In re M.M., 272 N.C. App. 55 (2020)

  • Facts: Since the juvenile’s birth in 2010, there has been an extensive litigation history involving custody of the juvenile, including a a previous DSS action in which the juvenile was adjudicated neglected and a Chapter 50 custody action with multiple orders entered. There is significant animosity and conflict between the parents regarding the child’s custody, and the child is often exposed to that and father’s poor boundaries about his anger toward mother. In 2018, DSS filed a new petition. The child was adjudicated abused due to serious emotional damage and neglected due to injurious environment. An initial dispositional order was entered that granted physical and legal custody to mother and visitation to father as well as individual and parent counseling for each parent. Respondent father appeals arguing the court abused its discretion in not allowing him to depose the social worker and that the court erred in allowing a witness to testify as an expert in psychology and child and family evaluations and in adjudicating the juvenile abused and neglected.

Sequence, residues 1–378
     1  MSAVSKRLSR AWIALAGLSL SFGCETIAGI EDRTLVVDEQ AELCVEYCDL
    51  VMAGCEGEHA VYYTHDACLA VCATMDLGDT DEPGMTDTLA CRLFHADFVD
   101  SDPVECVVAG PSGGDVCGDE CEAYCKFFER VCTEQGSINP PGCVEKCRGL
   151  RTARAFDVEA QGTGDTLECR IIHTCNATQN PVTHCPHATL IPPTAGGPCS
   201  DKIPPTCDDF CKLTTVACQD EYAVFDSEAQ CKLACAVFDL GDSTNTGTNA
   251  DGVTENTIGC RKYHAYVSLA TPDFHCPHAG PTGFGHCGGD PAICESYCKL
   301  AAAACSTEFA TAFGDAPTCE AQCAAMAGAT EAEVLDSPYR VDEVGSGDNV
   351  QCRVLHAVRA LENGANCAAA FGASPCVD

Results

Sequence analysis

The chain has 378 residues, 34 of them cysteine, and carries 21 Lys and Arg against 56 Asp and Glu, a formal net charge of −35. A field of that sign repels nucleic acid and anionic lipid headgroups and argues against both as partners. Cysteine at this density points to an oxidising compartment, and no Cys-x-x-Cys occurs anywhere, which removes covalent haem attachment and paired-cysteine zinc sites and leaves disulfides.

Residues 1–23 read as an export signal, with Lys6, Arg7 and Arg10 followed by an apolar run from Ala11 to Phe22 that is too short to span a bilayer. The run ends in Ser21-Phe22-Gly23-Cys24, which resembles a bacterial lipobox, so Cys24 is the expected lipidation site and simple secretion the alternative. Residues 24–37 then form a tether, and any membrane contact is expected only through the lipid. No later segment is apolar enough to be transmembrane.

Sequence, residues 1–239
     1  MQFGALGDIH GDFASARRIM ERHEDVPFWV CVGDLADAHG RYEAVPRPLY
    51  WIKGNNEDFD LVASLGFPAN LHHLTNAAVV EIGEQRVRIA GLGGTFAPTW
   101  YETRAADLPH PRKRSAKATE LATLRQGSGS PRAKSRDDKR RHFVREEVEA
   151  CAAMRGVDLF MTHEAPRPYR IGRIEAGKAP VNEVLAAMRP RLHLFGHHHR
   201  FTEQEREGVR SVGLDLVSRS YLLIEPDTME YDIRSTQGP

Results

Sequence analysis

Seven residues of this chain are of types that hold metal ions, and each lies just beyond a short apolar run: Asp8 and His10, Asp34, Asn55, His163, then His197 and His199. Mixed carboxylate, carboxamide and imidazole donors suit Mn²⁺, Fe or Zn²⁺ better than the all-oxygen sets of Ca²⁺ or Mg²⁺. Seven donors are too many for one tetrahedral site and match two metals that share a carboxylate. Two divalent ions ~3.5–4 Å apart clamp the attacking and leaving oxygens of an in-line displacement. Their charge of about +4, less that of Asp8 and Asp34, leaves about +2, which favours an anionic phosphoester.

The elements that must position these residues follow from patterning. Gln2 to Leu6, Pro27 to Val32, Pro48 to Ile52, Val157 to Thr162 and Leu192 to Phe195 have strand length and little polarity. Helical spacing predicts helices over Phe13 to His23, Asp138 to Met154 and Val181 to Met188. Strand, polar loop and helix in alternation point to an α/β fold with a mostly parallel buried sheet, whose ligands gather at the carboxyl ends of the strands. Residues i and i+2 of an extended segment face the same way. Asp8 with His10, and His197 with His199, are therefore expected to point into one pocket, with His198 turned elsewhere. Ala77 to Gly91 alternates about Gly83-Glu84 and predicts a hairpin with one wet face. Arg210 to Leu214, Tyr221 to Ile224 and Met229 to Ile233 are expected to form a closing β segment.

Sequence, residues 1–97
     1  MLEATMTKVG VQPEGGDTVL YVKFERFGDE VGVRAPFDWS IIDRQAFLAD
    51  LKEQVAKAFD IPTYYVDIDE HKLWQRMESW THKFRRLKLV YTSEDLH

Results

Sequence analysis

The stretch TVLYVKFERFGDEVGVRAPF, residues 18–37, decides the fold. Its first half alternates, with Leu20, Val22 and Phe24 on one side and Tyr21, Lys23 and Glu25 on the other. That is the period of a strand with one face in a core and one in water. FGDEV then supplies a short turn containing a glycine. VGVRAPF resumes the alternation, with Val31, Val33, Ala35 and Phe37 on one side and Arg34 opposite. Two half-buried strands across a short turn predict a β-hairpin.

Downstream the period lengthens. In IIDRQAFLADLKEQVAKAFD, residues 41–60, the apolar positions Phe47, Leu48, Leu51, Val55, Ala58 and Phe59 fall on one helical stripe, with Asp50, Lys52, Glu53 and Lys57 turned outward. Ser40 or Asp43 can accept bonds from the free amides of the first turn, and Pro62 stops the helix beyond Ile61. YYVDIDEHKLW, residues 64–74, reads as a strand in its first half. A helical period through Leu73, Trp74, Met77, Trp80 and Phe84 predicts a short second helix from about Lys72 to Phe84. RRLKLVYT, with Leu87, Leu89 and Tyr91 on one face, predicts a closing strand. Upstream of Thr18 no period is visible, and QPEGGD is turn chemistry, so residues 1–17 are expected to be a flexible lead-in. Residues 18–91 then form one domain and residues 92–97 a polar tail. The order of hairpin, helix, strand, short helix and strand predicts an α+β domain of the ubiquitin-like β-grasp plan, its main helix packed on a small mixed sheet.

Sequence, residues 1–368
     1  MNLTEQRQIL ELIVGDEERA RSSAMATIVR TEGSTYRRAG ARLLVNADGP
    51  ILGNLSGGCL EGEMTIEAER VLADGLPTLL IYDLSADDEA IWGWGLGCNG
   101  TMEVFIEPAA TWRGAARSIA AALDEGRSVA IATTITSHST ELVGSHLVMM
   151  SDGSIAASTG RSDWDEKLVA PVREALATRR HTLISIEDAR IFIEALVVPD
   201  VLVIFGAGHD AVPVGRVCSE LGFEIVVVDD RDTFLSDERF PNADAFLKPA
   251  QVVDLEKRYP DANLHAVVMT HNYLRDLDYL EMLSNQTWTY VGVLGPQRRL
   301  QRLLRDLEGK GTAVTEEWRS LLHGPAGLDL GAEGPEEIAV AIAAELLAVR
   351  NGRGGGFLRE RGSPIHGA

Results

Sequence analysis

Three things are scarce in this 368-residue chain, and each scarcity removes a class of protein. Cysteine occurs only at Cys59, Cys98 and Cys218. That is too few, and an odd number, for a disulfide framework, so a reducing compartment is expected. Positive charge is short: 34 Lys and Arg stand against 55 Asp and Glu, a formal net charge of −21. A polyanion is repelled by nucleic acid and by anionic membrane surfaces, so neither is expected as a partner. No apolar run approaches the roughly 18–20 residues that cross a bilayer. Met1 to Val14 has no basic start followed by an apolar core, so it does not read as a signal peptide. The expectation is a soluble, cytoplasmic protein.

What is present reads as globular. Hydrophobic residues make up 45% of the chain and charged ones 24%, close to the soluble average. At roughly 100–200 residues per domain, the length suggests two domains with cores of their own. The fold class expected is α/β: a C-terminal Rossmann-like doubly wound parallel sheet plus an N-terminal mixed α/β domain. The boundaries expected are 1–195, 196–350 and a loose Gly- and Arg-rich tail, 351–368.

• An abused juvenile is one whose a parent creates or allows to be created serious emotional damage to the juvenile. G.S. 7B-101(1)e. A juvenile’s serious emotional damage and anxiety may be causes by their parent’s actions during marital discord and custody disputes.
  • A neglected juvenile is one whose parent does not provide proper care, supervision, or discipline, or who lives in an environment injurious to their welfare. G.S. 7B-101(15). As a result, the juvenile must have some physical, mental, or emotional impairment or substantial risk of such impairment.
  • Findings, which are supported by clear and convincing evidence, include the juvenile’s living in a state of chronic emotional abuse due to her exposure to her parents’ high conflict relationship and father’s demeaning statements about mother and constant questioning of her (the juvenile). The findings support the conclusion that as a result, the juvenile suffered serious emotional damage that was evidence by her health issues and anxiety and was abused and neglected.
  • There was no violation of father’s due process rights when the first DSS juvenile adjudication order and the civil custody order were entered in evidence. The DSS petition specifically alleged that the juvenile had been in DSS custody earlier and that there was a civil custody order.


Abuse, Neglect, Dependency
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